Facebook App Reminds Transplant Patients To Take Meds

Integration of electronic health record with social network app helps kidney transplant patients stay on their medication schedules.
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The University of Iowa Children's Hospital is getting ready to launch a Facebook page that will monitor teenage and young adult kidney transplant patients in an effort to get them to take their medications on time. The hospital will use prescription information from its electronic health record (EHR) system to populate the site with the list of medicines each patient is taking, and how many times daily they should be taken.

The initiative, which is been developed by Dr. Patrick Brophy, director of the division of pediatric nephrology, dialysis, and transplantation, along with the hospital's technology department, was borne out of Brophy's frustration that many of his teenage kidney transplant patients were not taking their medications after surgery.

"One of the biggest problems we confront is that after we've performed kidney transplants on our teenage patients, the issue with these kids is non-adherence to taking their medications," Brophy told InformationWeek Healthcare. "What we know about these kids is that it's more common for this teenage group to lose their kidney transplants due to non-adherence than any other group. I want these kids to stay off of dialysis and keep their transplants for a long time."

Still, Brophy said he understands that teenagers simply don't want to take their medications, especially when they feel better after their kidney transplants and think they're invincible. Furthermore, they have a lot of medications to keep track of.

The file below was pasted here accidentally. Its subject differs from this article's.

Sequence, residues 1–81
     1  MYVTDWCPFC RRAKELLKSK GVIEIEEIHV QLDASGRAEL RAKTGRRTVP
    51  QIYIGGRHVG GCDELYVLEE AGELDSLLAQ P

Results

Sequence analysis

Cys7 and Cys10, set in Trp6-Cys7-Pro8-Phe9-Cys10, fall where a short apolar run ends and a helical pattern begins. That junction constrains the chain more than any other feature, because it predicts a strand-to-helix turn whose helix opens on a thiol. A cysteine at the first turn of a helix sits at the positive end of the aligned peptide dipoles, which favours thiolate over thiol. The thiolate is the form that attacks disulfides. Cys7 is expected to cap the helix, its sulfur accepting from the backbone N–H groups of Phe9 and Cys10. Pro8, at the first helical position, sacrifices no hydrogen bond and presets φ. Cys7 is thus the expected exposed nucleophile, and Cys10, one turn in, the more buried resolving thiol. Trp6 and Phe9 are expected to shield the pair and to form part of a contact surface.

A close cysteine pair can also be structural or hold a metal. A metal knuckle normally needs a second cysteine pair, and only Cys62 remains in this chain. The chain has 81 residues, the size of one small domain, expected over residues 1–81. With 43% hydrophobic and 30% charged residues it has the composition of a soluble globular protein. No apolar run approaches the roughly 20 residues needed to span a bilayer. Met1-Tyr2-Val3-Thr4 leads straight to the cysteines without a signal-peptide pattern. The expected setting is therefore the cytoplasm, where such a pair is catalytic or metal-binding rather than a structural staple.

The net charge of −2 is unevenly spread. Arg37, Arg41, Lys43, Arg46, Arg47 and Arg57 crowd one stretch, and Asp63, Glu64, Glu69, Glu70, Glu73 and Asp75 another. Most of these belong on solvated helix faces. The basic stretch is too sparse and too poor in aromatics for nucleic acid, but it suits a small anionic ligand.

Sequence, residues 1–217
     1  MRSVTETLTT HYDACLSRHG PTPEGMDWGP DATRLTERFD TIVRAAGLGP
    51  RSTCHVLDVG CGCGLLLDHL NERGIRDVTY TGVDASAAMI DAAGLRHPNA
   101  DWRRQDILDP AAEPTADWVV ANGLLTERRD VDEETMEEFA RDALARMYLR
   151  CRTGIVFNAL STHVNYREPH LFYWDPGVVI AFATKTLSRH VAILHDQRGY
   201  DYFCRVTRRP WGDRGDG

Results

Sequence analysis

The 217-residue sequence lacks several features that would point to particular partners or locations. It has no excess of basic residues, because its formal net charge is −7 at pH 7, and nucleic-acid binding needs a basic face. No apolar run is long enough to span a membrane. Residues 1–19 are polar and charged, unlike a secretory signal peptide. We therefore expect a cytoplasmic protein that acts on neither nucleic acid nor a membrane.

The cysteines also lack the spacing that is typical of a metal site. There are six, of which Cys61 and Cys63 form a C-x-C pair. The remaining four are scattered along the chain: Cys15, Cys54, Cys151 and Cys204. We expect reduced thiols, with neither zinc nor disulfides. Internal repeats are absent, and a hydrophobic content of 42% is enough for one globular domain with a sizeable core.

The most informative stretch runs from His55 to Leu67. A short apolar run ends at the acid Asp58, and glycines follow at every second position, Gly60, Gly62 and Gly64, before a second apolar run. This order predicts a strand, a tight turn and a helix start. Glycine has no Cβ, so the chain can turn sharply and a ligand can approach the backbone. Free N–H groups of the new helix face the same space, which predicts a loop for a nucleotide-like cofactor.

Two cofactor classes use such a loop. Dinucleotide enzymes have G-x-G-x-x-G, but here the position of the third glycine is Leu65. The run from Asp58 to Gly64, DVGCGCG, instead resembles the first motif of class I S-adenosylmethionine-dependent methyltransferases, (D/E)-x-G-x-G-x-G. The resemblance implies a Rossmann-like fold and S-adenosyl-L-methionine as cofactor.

"They don't want to feel different from their peers. For many of these kids they take a minimum of three different medications daily and a maximum of up to 10, and some of those medications are twice daily," Brophy observed.

The brainchild for the site is Brophy's son, Michael, a 15-year-old who overheard his father complaining that his patients were not taking their medications. Michael suggested establishing a Facebook site as a way to lure the teenagers to follow their medications while logging onto a site popular among teens.

Still in its pilot phase, the Iowa MedMinder application has been developed to customize medication information from each patient's EHRs. Each user is assigned a password to access their specific information. Patients will open a popup box on their Facebook page listing all of the medications they need to take that day and be prompted to click on the medications they have taken. The information is then uploaded to the hospital's servers and relayed to their physicians. Additionally, these patients' biologic drug levels are measured by their physicians during frequent follow-up visits.

So far 15 patients, ranging in ages from 13 to 21, have signed up for the program. The Facebook page is scheduled to go live next week, and the plan is to solicit other centers that are interested in participating with the hope of establishing a nationwide network of transplant patients interested in monitoring their medication intake.

"Using social media in medicine is still in its infancy," Brophy said. "I think if we can maintain privacy, tools like Facebook and maybe even Twitter are going to be integral in how we provide healthcare in this country."

Find out how health IT leaders are dealing with the industry's pain points, from allowing unfettered patient data access to sharing electronic records. Also in the new, all-digital issue of InformationWeek Healthcare: There needs to be better e-communication between technologists and clinicians. Download the issue now. (Free registration required.)

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